They have Canning, of course, but it was depressing to see the Leinster final reaffirm an unhealthy reliance on him that brought Galway back a few years rather than driving them the yards forward that they need to bound if they are to end that All-Ireland drought going back to 1988.

Galway observer number two, above, also declared himself less distraught when he watched the Leinster final back afterwards than he had been in Croke Park while it was unfolding. He looked for positives and found more than he dared to hope for. The fact that in spite of everything, and helped by some substitutions, they could have come to within a goal of Dublin but for the save from Canning's late goal effort. And how could so many of them be so bad again.

The team that will play today will also see a new-look defence and it is likely Kevin Hynes is going to be relieved of full-back, with Niall Donoghue not making it as anticipated by many, and Shane Kavanagh the main fancy. There are changes throughout the team, starting in goal, and a sense that these are for the better.

There is also a feeling out there that the team has over-trained and that they needed more of a break from hurling after the local championships had ended last year. A meeting among the players after the Dublin defeat, held the next day, and immediately followed by an engagement with the management, was as frank as was to be expected, with some quibbles about preparation expressed, one allegedly being in relation to excessive stoppages spoiling fluency in training.

But the players themselves must have understood that a great deal of the room for improvement was in their own hands. In the background the management tried unsuccessfully, before and after Dublin, to have club championship games postponed. This would, the board appeared to have argued, create consternation among clubs at large and they held their ground. There was also a suggestion that the management had some input to the formation of a schedule of club matches at the start of the year. It had given its consent and had no right to start meddling now. There was some brouhaha over St Thomas players ignoring a request not to play a seven-a-side and it being the club of the manager creating a potential for poor optics when they were not punished as all had been warned were they to partake.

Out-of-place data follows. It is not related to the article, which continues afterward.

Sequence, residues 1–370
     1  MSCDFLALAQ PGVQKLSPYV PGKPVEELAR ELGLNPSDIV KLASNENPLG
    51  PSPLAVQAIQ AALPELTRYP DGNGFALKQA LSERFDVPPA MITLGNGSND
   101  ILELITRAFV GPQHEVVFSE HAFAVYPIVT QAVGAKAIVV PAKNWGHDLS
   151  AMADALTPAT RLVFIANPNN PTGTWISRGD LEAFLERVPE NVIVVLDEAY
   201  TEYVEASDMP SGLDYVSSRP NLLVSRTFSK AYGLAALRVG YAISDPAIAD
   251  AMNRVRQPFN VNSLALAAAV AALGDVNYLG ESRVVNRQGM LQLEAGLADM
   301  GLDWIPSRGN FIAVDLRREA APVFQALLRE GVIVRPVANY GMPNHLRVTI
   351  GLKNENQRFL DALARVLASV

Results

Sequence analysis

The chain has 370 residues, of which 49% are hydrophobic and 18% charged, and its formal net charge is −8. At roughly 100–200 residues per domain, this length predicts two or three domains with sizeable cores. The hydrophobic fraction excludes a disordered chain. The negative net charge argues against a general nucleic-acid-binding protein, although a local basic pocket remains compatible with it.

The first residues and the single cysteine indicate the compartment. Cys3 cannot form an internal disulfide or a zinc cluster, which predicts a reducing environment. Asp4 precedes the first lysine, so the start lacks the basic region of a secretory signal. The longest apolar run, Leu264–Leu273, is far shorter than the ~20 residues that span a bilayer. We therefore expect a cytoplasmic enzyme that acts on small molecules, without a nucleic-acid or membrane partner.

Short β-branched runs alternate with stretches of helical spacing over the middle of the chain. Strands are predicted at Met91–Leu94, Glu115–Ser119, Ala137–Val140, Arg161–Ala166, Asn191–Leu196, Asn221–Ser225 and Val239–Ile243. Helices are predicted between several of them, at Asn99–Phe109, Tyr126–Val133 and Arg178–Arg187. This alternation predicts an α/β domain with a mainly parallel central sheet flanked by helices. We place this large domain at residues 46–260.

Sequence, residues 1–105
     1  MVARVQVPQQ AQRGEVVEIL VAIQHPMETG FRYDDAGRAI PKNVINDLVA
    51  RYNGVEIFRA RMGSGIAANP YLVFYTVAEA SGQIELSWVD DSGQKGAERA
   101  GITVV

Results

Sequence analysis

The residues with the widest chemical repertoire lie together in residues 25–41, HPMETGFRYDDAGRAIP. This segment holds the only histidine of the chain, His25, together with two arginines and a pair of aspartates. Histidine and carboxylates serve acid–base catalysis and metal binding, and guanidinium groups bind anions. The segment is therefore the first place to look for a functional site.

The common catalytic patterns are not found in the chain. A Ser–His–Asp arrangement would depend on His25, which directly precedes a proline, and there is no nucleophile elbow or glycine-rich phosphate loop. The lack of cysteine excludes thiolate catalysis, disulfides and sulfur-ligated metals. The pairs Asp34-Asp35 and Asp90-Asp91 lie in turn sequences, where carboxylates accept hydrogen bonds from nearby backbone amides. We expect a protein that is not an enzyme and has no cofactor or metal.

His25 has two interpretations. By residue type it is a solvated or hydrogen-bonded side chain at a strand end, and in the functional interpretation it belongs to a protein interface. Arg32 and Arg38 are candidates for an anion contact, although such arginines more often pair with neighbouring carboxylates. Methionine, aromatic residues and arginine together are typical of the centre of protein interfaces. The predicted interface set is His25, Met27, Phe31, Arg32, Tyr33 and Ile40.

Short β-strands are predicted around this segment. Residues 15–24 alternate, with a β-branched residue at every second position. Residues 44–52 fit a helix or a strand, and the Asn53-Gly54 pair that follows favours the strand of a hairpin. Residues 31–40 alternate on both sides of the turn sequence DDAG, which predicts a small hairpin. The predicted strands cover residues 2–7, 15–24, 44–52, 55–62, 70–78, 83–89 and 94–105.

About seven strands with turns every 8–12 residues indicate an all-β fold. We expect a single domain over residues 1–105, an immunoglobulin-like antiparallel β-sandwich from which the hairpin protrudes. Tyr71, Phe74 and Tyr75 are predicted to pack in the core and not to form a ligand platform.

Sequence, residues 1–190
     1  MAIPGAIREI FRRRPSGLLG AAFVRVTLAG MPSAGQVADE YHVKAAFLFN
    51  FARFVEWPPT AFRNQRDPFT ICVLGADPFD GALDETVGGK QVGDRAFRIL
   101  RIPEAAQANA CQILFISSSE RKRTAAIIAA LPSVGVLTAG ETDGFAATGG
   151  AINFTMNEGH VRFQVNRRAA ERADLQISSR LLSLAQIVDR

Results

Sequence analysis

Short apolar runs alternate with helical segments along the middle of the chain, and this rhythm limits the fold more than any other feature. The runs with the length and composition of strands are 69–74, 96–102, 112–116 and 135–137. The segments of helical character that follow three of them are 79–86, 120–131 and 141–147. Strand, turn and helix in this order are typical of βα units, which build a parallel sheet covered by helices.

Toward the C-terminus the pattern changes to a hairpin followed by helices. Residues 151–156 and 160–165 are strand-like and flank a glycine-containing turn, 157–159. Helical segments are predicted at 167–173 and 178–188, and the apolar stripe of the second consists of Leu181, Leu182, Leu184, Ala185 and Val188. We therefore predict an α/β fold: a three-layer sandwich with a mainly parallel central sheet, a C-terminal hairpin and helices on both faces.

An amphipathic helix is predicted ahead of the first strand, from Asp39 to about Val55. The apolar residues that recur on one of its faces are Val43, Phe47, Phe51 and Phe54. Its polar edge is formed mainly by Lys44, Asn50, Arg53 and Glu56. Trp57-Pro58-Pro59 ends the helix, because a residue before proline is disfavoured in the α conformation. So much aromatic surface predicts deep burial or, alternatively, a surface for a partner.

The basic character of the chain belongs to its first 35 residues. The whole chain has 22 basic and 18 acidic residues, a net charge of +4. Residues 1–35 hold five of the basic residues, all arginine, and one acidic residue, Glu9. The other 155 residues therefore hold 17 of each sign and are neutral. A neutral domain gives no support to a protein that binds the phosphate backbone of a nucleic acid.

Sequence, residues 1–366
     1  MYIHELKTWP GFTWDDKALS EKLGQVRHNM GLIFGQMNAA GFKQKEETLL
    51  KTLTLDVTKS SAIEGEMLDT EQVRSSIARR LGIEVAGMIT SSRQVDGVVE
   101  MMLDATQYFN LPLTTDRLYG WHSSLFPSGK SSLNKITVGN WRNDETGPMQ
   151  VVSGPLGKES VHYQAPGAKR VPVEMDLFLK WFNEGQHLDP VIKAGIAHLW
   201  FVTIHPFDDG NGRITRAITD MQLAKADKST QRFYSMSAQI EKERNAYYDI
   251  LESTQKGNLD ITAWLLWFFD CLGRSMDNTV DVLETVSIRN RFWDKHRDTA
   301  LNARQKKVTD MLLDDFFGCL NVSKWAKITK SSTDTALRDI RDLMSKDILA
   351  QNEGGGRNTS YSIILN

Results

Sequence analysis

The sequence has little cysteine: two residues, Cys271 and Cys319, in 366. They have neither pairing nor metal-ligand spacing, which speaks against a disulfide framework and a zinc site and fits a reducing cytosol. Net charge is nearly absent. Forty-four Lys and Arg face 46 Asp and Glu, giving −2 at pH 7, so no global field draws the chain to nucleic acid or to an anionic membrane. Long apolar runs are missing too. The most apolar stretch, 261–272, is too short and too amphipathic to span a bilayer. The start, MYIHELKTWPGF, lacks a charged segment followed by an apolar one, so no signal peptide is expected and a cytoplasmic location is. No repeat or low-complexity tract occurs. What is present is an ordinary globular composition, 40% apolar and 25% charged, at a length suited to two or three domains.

But all of this is overridden by other factors that may have weighed on mind and limb. The 'handy' draw in Leinster. The expectation, until a week before their Leinster final with Dublin, that they would be playing Kilkenny. A comfortable win sometime before that in a challenge against Dublin in Tullamore and the big win over Dublin in the replayed relegation game the previous year being still in the memory.

The fact that it is Clare at this juncture is welcome, a side they will not beat by 17 points like they did two years ago when coming off another poor showing against Dublin in the championship, though not as poor as this year's. But it is a Clare team in development. The team they face is not notably physical or greatly schooled in terms of experience of days like this. They have enormous potential but Galway know only too well about potential and how far it takes you.

And for all that a win here and they are a game away from where they left off last year, with Limerick awaiting. The darkest hour, unbeknownst to them, may have already passed.

Sunday Independent